Tremaen had now joined Troika and Celtic Potteries to become one of the "big 3" studio potteries in west Cornwall. A highlight was the visit of Princess Anne to west Cornwall in 1972 - in the middle of a hectic social whirl, Anne was treated to a tour of Tremaen Pottery, and presented with a gift of one of the most impressive lampbases.
A range of other wares was created over the years, including vases, ashtrays, bowls, and a number of small pebble-shaped pots, door-knobs, pen-, toothbrush- and pipe-holders, and even pendants. Angus was a determined innovator, and was forever coming up with 'sure-fire hot sellers', not all of which were so enthusiastically received by Peter.
By the early 1970s, Tremaen Pottery was able to take on the lease of a large shop premises in Market Jew Street in Penzance, and opened as Tremaen Craft Market, with Brenda as manageress - Peter and Angus continued to work in the pottery. Initially, Peter's idea was to sell only craftwork made in Cornwall, and for a while the shop specialised in studio pottery from within a 30 mile or so radius of Penzance. Eventually Peter bowed to market forces and the range of stock expanded to include everything from inexpensive jewellery, to contemporary glass and plastic homewares.
A separate branch of the business was started under the name Angus, buying and selling the distinctive hessian shades to go with the lamps.
In 1974, Brenda, who had been singing and touring for some years part-time following her involvement in the local folk scene, decided to take the plunge and turn professional as a singer, with guitarist Robert Bartlett, as a duo called Crowdy Crawn. To my great surprise, she asked if I was willing to take over her role as Shop Manageress - which I was - and I worked with Peter, running the shop for four years..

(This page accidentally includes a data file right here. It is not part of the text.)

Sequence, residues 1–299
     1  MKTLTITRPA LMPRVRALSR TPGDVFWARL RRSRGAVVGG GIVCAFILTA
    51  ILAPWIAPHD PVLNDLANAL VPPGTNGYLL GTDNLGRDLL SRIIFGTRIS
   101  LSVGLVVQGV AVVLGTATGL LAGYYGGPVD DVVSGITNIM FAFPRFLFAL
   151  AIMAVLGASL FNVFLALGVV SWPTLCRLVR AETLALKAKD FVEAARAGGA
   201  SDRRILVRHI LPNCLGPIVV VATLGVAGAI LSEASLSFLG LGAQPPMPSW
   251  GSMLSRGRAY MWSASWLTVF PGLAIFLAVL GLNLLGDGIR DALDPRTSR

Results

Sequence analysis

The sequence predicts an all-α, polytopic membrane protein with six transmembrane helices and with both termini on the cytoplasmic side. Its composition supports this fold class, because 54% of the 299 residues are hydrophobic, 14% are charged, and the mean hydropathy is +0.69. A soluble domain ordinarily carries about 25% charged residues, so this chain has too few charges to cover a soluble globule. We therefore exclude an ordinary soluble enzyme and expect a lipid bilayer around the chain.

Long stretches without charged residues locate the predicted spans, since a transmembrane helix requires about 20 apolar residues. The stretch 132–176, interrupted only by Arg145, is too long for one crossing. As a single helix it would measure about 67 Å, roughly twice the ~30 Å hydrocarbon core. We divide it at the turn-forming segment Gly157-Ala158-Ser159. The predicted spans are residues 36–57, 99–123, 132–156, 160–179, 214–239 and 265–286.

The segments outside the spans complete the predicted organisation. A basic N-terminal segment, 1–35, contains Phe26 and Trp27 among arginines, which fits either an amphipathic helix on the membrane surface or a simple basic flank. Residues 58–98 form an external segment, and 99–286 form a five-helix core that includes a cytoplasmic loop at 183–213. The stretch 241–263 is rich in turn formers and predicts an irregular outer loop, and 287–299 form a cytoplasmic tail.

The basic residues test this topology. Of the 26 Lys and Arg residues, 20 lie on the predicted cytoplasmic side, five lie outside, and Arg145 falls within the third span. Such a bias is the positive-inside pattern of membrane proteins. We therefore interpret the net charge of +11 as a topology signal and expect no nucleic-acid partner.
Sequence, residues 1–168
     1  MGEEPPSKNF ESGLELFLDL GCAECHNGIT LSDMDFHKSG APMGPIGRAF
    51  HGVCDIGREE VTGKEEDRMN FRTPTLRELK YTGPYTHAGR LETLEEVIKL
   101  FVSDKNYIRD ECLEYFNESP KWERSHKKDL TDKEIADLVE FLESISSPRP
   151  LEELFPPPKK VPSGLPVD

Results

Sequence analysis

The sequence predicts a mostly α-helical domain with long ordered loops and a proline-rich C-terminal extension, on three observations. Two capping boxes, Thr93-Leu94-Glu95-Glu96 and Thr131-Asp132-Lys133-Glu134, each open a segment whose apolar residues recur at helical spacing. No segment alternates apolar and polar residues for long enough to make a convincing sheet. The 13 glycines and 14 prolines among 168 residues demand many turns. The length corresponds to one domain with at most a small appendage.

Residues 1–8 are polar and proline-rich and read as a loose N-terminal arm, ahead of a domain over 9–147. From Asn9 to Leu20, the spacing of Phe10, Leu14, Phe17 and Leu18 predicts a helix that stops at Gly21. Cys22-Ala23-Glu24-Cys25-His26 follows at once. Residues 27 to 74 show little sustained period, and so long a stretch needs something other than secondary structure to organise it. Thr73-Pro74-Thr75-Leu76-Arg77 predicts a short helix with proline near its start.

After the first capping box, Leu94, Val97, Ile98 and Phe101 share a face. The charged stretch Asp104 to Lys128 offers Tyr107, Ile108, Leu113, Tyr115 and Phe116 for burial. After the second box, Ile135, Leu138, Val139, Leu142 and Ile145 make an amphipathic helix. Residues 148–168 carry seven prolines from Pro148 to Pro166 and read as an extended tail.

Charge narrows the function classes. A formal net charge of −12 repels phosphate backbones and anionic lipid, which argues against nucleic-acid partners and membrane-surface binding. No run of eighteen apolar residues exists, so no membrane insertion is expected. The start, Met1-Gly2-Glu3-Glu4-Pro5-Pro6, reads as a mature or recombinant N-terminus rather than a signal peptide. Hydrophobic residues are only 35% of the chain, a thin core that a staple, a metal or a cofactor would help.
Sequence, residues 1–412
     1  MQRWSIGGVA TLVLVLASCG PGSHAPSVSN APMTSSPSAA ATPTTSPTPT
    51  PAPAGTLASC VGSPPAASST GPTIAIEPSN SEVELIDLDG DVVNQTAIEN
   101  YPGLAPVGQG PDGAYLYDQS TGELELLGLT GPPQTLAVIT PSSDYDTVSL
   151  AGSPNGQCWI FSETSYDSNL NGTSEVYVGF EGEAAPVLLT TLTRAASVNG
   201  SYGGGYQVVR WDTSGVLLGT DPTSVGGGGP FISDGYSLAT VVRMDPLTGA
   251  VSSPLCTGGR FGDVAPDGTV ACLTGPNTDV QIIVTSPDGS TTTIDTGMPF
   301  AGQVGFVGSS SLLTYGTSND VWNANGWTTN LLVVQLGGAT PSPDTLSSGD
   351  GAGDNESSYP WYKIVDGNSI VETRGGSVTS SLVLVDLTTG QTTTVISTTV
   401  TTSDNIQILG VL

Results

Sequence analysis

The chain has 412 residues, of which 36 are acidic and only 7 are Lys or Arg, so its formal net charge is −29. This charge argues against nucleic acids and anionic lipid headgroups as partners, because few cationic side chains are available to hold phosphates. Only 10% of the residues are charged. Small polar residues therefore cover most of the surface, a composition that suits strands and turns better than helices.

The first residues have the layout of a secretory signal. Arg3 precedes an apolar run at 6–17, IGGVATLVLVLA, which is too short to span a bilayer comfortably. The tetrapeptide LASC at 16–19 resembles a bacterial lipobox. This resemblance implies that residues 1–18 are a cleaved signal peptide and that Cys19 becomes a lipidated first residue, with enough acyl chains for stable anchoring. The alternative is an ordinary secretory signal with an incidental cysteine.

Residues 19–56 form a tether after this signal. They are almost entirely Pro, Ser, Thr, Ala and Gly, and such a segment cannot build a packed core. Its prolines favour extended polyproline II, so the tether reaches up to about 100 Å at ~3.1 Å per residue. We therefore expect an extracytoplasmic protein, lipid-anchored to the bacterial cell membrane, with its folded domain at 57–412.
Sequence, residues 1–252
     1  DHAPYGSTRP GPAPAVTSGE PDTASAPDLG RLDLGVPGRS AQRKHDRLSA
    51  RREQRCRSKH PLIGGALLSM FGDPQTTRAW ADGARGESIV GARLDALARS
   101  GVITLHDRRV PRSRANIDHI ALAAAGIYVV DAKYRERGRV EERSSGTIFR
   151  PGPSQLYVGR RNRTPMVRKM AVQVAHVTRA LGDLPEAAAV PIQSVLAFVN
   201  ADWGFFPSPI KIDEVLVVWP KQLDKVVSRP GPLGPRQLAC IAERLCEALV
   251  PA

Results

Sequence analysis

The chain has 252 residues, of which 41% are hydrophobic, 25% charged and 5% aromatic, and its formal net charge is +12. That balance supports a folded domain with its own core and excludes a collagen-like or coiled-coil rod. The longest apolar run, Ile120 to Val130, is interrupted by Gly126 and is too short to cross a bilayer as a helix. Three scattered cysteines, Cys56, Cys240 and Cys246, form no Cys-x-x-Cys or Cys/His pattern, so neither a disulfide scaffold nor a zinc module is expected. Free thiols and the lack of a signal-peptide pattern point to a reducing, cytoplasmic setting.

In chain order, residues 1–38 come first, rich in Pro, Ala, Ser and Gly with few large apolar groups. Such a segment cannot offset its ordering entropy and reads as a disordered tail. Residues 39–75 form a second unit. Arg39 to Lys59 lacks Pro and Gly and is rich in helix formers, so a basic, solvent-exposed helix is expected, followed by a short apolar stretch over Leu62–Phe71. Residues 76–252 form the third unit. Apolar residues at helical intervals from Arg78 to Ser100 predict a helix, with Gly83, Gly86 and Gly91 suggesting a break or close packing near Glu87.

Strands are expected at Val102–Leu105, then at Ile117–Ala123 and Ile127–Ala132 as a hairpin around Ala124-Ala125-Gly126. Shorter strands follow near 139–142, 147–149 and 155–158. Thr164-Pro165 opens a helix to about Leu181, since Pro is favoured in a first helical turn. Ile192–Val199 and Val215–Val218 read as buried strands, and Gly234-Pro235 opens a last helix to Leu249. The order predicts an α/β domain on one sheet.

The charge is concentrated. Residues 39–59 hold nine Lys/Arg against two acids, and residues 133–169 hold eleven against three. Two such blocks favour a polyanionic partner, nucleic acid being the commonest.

A screenprint Peter did in the 1970s, one of a series based on an album cover he designed for Brenda's Piper's Folk LP
In 1975, Angus died, in 1977 I left as I was expecting my first baby, and with Brenda away on tour much of the time, Peter was left as sole director. The shop was remodelled as 'Tremaens', and while still selling some local pottery, including Tremaen, obviously, the focus was more on high quality giftware.
Around the late 1970s, more space was needed for production, and the pottery expanded further into a barn in Newlyn Coombe - Zimmerman's Barn - however this was a short-lived venture, and the barn was later sold to one of the girls who worked for the pottery.
Peter did have a life away from the pottery - he lived with Mary, her mother Gladys, their sons Adam and Jonathon and a succession of dogs in three houses in Penzance, lastly in a beautiful 'arts and crafts' styled home in Laregan Hill, with Newlyn copper doorplates. He loved painting, in watercolours and oils, and was very involved with the local arts community, serving as Chairman of Newlyn Orion Gallery in the 1980s, as well as serving as Chairman of the Governors at Mounts Bay School.
With the shop now well established, it kept going for many more years until Peter decided to sell up and retire in 1995 - one year after Brenda died. The shop was sold to James Saulter, who for many years had run the chemist shop on the opposite corner.
Peter had looked forward to his retirement, painting, touring, and walking his dog on the cliffs - tragically, within a year of selling the shop, he'd died from cancer. He was my only, and my much-loved, Uncle.